Bush Advisers Struggle Over Plan for Palestinian Statehood

President Bush's senior advisers are struggling to decide on terms for a Palestinian state even as sustained violence in the Middle East casts a long shadow over U.S. peacemaking hopes.

Bush plans to remain at the White House over the weekend to keep working on a long-anticipated announcement on how he would like to see the Palestinians launched on the road to statehood.

Even within the administration, however, sentiment is growing not to announce a plan amid a series of deadly attacks on Israel. The impact might well be diminished, and the timing could appear unfeeling, one official said.

The main unresolved issue is how much democratic change to be required of the Palestinian Authority before starting up a state, another U.S. official told The Associated Press.

Bush remains committed to a provisional Palestinian state he hopes would develop into a full-fledged state to live side-by-side at peace with Israel.

There is little precedent for an interim state, however, and Bush's advisers were uncertain whether it could join the United Nations, have a currency or exercise other powers normally associated with statehood, the official said.

Bush met on Friday with Secretary of State Colin Powell, national security adviser Condoleezza Rice and other senior aides without reaching consensus on a wide range of issues, two U.S. officials said. They said the issues to be resolved were marginal, and the president's plan was not open to serious alteration.

"There are still discussions going on," State Department spokesman Richard Boucher said. He offered no prediction when unsettled issues might be resolved. Nor did the other officials, who spoke on condition of anonymity, although one said he would not rule out an announcement on Monday.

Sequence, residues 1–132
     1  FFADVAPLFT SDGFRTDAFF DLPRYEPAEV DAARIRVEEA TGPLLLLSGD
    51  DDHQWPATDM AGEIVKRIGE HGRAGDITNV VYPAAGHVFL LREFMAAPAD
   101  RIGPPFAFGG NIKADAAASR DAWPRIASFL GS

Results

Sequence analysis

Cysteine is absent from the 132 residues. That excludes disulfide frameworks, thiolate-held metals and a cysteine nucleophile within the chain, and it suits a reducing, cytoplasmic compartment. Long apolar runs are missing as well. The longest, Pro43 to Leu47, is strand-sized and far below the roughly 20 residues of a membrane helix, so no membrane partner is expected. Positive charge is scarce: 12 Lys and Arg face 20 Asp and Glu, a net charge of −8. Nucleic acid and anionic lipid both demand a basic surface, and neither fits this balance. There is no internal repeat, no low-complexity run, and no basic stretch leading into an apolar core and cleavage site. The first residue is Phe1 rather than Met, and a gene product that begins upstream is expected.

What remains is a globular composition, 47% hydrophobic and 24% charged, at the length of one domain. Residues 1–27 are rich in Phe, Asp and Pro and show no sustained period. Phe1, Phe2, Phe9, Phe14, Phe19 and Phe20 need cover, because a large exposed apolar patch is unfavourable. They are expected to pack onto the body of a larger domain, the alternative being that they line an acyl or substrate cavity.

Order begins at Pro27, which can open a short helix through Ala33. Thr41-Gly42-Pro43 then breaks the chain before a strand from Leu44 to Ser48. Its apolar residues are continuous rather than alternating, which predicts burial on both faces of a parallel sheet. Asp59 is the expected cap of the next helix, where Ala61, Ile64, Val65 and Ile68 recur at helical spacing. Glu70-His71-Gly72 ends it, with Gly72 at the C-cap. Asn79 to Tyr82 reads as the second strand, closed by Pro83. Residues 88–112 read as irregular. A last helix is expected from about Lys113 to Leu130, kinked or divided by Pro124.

"This is an evolving process," Boucher said, "but the president has indeed reached some conclusions."

In Orlando, Fla., Bush was blunt about his timing. "If you're talking about the speech," he told reporters, "I'll give the speech when I'm ready to give the speech."

Among the issues up in the air are when to establish the preliminary state and whether to set a time limit for the negotiations Bush hopes to start between Israel and the Palestinian Authority.

The Palestinians want the talks held to a year. Israel wants no deadline.

Bush had planned to announce his statehood proposal this week, but terror attacks on Israel sidetracked him.

"I strongly condemn the series of attacks," the president said Friday while touring a senior center in Orlando. "I fully recognize that Israel's got the right to defend herself, and all parties who are interested in getting on the path to peace must do everything they can to reject this terror. It is outrageous, and it's got to be stopped."

Even before the attacks, some of Bush's top advisers questioned whether Palestinian leader Yasser Arafat was up to the job of countering terrorism.

Under U.S. pressure to curb attacks on Israeli civilians, Arafat appealed this week for Palestinian activists to end the violence.

Boucher, the State Department spokesman, said Arafat must start confronting Palestinian militants who have carried out the attacks as well as talk to them.

"The president and his advisers continue to meet to discuss various elements of the way forward," Boucher said. "The president will decide when he wants to speak and what he wants to say at the appropriate time."

House Democratic leader Dick Gephardt suggested Thursday that Bush delay his proposal for proclamation of a Palestinian state because of continuing "barbaric suicide attacks against Israelis."

"It is fine to set out the dream and the goal and to hope that will give people on the Palestinian side some hope," Gephardt said. "But it isn't going to change anything, in my view."